Financial Market Supervisory Authority (FIMSA) is a public legal entity and independent in its operations. FIMSA is in charge of licensing, regulation and supervision of the credit institutions, insurance sector and securities market.
05 september 2016, 04:57
Azerbaijan's banks adapting to life after oil bonanza
Azerbaijan's banks have largely adapted to the external shocks which led the central bank to float the manat currency and close weak lenders, but privatisation of the country's largest bank will not take place this year, the market regulator said.
"The adjustment of banks to new realities is now over, and we can talk about the beginning of improvements," Rufat Aslanli, head of the Financial Market Supervisory Authority, told Reuters.
The oil-producing former Soviet republic of 9 million was among the first and hardest hit by the plunge in global oil prices that began in mid-2014. Oil exports had accounted for 75 percent of budget revenues.
The central bank introduced a free float of the manat in December after having burned through more than half of its foreign reserves propping up the currency and despite a one-off devaluation 10 months earlier when the manat dropped by 33.5 percent against the dollar.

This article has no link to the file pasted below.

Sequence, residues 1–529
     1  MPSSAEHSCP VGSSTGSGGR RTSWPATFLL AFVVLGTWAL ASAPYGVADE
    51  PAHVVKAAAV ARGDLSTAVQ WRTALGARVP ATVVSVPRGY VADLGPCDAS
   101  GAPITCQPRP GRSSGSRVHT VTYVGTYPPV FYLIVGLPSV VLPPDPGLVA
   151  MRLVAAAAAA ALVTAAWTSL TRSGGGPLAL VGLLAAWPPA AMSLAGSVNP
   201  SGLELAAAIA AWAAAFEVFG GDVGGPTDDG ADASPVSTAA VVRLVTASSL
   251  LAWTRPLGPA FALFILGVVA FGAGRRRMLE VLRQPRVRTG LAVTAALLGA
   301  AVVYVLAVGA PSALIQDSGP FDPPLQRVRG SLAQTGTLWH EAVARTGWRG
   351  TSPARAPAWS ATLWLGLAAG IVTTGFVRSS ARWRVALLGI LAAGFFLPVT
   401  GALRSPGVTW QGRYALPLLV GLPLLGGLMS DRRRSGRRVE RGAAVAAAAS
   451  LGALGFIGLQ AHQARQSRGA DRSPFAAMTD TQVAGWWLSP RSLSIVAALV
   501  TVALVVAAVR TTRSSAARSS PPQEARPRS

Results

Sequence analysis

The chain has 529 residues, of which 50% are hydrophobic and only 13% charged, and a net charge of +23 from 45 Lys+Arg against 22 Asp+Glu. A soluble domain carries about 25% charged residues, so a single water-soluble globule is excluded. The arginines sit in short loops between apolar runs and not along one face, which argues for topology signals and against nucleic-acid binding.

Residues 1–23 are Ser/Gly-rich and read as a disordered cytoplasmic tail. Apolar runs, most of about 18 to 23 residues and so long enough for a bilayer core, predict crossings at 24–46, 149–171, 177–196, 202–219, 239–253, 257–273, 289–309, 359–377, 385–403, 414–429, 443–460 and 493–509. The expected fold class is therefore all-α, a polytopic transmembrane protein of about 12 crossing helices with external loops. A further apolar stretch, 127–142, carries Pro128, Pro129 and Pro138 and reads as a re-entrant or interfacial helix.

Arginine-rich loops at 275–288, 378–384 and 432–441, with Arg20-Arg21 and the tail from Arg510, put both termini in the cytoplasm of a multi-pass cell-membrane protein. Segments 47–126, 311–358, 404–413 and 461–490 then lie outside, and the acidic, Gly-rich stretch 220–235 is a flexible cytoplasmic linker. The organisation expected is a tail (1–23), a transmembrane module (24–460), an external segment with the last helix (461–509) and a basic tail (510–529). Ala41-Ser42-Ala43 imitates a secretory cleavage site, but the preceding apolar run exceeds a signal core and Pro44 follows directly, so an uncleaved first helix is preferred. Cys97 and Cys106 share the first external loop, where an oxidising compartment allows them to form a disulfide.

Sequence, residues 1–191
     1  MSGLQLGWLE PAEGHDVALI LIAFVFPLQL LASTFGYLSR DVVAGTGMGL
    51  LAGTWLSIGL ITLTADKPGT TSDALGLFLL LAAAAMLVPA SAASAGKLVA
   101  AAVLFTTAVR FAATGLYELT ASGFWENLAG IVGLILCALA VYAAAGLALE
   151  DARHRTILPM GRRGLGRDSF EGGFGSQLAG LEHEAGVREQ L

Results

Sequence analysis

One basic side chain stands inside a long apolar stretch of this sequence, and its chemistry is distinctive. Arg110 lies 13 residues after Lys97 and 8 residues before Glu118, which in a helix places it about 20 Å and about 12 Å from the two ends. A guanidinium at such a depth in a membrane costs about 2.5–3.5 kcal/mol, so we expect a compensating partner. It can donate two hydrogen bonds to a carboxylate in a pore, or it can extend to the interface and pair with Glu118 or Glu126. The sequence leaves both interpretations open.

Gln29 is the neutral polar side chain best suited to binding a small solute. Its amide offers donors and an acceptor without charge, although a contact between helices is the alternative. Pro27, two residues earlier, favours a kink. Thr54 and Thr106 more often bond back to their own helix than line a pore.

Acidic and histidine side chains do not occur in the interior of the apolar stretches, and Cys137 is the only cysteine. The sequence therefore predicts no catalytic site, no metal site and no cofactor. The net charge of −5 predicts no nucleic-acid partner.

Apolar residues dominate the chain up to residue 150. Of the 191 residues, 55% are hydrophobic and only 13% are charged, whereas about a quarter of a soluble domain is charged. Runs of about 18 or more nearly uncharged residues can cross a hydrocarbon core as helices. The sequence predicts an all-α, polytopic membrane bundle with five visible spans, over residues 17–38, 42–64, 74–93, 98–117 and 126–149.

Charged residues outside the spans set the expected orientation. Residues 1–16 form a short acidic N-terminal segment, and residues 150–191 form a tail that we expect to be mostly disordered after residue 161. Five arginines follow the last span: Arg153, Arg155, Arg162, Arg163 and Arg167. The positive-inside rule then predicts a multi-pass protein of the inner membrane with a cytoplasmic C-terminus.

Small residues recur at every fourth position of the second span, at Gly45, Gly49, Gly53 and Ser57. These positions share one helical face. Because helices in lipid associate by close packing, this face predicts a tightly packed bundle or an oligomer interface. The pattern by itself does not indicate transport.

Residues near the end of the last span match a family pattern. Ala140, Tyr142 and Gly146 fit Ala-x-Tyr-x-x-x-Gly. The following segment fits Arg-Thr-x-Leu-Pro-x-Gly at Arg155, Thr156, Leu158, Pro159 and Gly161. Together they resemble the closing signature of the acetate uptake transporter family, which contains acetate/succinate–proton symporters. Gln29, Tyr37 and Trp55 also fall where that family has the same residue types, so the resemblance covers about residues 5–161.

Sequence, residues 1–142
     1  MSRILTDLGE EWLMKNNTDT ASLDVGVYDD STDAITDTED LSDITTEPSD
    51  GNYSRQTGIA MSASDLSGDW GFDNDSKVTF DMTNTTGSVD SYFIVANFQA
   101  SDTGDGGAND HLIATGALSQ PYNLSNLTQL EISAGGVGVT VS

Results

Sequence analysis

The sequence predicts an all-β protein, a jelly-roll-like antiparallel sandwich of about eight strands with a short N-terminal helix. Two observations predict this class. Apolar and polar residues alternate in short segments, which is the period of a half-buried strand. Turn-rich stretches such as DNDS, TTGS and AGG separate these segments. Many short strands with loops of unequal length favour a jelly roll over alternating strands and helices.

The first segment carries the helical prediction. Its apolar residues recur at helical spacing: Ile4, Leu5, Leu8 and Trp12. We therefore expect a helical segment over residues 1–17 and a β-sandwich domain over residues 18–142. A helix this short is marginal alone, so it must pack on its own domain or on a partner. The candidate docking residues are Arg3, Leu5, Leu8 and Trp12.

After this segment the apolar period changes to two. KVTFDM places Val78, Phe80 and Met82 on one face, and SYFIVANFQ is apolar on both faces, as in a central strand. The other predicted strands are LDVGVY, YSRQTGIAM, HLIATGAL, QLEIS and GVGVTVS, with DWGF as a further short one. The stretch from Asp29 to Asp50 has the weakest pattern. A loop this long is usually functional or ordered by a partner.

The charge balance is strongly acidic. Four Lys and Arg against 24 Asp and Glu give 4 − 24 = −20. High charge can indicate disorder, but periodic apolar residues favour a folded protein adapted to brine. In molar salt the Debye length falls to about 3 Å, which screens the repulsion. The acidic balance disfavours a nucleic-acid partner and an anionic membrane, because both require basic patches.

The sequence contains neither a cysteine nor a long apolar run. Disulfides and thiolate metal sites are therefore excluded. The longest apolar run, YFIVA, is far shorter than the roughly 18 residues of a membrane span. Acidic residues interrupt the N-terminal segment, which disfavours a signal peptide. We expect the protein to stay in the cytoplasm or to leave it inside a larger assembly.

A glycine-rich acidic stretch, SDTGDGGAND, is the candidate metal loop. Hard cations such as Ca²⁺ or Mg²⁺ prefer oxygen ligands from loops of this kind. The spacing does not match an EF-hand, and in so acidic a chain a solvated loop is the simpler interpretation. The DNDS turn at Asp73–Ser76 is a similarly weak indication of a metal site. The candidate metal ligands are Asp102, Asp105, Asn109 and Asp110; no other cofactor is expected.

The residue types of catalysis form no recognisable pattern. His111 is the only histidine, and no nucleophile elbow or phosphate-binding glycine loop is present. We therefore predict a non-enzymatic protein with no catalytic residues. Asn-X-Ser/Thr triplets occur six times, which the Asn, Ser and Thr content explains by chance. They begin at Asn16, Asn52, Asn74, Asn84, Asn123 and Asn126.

Aslanli said International Bank of Azerbaijan (IBA), Azerbaijan's largest lender by assets, was still being prepared for privatisation.
"The government has resolved the majority of IBA's problems, but the privatisation process takes some time, and privatisation this year is not realistic," he said.
Azeri President Ilham Aliyev last year ordered the clean up and sell-off of IBA, which holds 41 percent of Azeri banking assets, bowing to advice from the International Monetary Fund.
IBA's distressed assets had been removed from its balance sheet and their transfer to state-owned, non-banking credit organisation Agrocredit was underway, Aslanli said.
The central bank lowered the minimum capital ratio to 10 percent from 12 percent this year to help local banks achieve regulatory compliance.
But some did not manage to overcome difficulties.
Ten commercial banks have lost their licences so far this year, while IBA and Standard Bank are under rehabilitation.
"All other banks meet capital requirements, and bank closures are not on the agenda," Aslanli said.
The number of banks in Azerbaijan has shrunk to 32 from 41 at the start of 2016.
Aslanli said that he also did not expect local banks to issue Eurobonds any time soon, given the high level of their dollarisation, currently at a peak of 80 percent.